Older age is an adverse prognostic factor in stage I, favorable histology Wilms’ tumor treated with vincristine monochemotherapy: A study by the United Kingdom Children’s Cancer Study Group, Wilm’s tumor working group
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Purpose : To identify clinical prognostic factors in children with stage 1, favorable histology (FH) Wilms’ tumor treated with vincristine monochemotherapy after immediate nephrectomy to define subgroups for consideration of further reduction in treatment intensity. Patients and Methods: During two consecutive trials of the United Kingdom Children’s Cancer Study Group (UKW2 and UKW3, 1986 to 2001), 242 children with stage I FH Wilms’ tumor were treated with immediate nephrectomy followed by 10 weekly injections of vincristine 1.5 mg/m(2). Event-free survival (EFS) and overall survival (OS) were compared by age group. Results: The 4-year EFS rate was 93.2%, 87.2%, and 71.3% for children less than 2 years old, 2 to 4 years old, and 4 years old or older at diagnosis, respectively (log-rank, P = .001); the corresponding 4-year OS rate was 98.1%, 95.0%, and 87.2% (log-rank, P = .01). There were no toxicity- or procedure-related deaths. In multivariate analysis, specimen weight was not of independent prognostic value (P = .66). Among the 186 children younger than 4 years at diagnosis, there were 17 relapses and five deaths, compared with 16 relapses and eight deaths among the 56 children at least 4 years old at diagnosis. OS after relapse was surprisingly poor (61.6% at 4 years). Conclusion: Treatment for stage I FH Wilms’ tumor is generally successful using vincristine monotherapy after immediate nephrectomy, and therefore, the risks of dactinomycin hepatopathy can be avoided. However, age at least 4 years is a significant adverse prognostic factor. This treatment schedule should be considered in any trial of treatment reduction in very young children with stage I FH Wilms’ tumor, regardless of tumor size, and we suggest that the upper age limit for the reduced therapy be set at 4 years. (C) 2003 by American Society of Clinical Oncology.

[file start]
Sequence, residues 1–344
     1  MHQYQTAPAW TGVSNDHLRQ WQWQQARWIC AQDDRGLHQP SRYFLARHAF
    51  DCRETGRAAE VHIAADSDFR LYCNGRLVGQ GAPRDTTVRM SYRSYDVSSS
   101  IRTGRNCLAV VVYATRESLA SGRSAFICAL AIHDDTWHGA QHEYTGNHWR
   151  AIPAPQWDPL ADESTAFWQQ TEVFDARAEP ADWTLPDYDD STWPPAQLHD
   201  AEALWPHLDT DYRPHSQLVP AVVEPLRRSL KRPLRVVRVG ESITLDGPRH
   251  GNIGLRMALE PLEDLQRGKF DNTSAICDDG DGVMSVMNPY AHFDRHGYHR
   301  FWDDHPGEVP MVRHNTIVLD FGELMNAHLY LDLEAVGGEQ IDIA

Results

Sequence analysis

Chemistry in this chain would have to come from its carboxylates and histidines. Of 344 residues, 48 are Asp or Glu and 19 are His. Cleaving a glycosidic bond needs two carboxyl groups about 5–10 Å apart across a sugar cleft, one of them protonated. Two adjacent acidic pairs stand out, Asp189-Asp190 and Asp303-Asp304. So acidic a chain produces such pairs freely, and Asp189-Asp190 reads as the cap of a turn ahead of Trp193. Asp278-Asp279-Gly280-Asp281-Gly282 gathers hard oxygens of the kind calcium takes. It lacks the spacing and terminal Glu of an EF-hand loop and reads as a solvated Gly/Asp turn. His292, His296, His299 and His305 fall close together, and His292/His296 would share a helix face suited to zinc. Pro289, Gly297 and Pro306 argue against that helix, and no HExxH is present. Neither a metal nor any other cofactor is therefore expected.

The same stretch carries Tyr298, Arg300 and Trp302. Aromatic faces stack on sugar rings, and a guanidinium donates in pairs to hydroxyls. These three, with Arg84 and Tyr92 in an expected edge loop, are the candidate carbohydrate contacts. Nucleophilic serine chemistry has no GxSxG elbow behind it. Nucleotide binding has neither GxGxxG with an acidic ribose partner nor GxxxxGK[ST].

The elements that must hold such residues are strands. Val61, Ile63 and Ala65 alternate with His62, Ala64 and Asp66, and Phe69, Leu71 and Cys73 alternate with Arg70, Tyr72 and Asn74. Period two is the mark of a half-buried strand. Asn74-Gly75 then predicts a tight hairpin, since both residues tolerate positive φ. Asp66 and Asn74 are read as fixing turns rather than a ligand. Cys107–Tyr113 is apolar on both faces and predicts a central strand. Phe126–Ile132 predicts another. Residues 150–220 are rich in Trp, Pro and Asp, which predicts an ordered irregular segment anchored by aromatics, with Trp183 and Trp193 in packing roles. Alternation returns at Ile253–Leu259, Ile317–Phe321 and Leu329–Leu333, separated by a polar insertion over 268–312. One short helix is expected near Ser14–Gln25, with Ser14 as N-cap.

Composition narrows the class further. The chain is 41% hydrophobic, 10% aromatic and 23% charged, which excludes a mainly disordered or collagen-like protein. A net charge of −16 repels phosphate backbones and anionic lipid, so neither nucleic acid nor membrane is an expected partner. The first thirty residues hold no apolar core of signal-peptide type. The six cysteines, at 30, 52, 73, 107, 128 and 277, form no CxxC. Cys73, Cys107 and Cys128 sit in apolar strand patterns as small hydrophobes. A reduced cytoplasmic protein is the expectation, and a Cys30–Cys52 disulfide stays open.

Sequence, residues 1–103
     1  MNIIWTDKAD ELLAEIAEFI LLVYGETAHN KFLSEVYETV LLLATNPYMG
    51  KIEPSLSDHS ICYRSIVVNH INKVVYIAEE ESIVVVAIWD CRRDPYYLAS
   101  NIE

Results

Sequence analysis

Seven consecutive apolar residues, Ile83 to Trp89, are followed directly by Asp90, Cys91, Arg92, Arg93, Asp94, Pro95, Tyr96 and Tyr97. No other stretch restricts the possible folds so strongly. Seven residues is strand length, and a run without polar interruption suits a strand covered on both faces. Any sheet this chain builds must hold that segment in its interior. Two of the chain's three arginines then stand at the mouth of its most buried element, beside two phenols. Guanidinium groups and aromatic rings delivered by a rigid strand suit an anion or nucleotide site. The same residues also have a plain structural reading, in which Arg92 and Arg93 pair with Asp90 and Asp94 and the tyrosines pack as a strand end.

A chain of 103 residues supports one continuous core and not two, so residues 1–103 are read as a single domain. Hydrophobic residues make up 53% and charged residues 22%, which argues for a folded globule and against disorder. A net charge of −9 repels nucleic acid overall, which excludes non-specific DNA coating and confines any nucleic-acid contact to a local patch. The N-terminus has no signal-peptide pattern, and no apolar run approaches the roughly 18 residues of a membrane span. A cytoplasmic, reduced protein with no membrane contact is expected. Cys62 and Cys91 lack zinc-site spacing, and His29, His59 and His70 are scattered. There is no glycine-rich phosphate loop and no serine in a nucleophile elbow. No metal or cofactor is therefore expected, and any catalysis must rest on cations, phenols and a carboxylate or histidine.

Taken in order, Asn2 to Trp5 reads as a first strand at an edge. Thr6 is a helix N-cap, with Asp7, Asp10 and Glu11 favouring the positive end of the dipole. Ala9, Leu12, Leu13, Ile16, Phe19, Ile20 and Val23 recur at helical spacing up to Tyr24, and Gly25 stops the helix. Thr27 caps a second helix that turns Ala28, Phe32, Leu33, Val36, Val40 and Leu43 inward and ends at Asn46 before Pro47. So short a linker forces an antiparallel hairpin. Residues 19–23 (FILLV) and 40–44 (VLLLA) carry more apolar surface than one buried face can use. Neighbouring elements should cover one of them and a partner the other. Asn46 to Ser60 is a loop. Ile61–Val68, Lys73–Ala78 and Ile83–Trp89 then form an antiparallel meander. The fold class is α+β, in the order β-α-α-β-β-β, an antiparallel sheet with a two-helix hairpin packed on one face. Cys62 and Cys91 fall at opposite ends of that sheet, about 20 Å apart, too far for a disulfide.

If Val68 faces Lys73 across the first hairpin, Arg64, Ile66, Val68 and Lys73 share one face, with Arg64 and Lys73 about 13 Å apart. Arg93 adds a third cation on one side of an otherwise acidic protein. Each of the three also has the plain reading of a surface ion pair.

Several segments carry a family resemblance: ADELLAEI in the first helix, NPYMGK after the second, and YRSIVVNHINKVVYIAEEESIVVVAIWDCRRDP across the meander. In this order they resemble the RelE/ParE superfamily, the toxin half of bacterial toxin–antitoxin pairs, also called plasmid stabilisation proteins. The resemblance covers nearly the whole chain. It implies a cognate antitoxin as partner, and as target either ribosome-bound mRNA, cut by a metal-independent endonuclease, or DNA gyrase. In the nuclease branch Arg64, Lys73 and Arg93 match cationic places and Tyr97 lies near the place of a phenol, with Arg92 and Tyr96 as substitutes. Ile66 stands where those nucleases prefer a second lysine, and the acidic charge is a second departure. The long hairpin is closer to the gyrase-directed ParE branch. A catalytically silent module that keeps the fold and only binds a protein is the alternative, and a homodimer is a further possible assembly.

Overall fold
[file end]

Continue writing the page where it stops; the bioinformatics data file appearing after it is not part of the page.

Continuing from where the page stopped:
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JOURNAL OF CLINICAL ONCOLOGY, 2003, 21 pp. 3269 - 3275
AMER SOC CLINICAL ONCOLOGY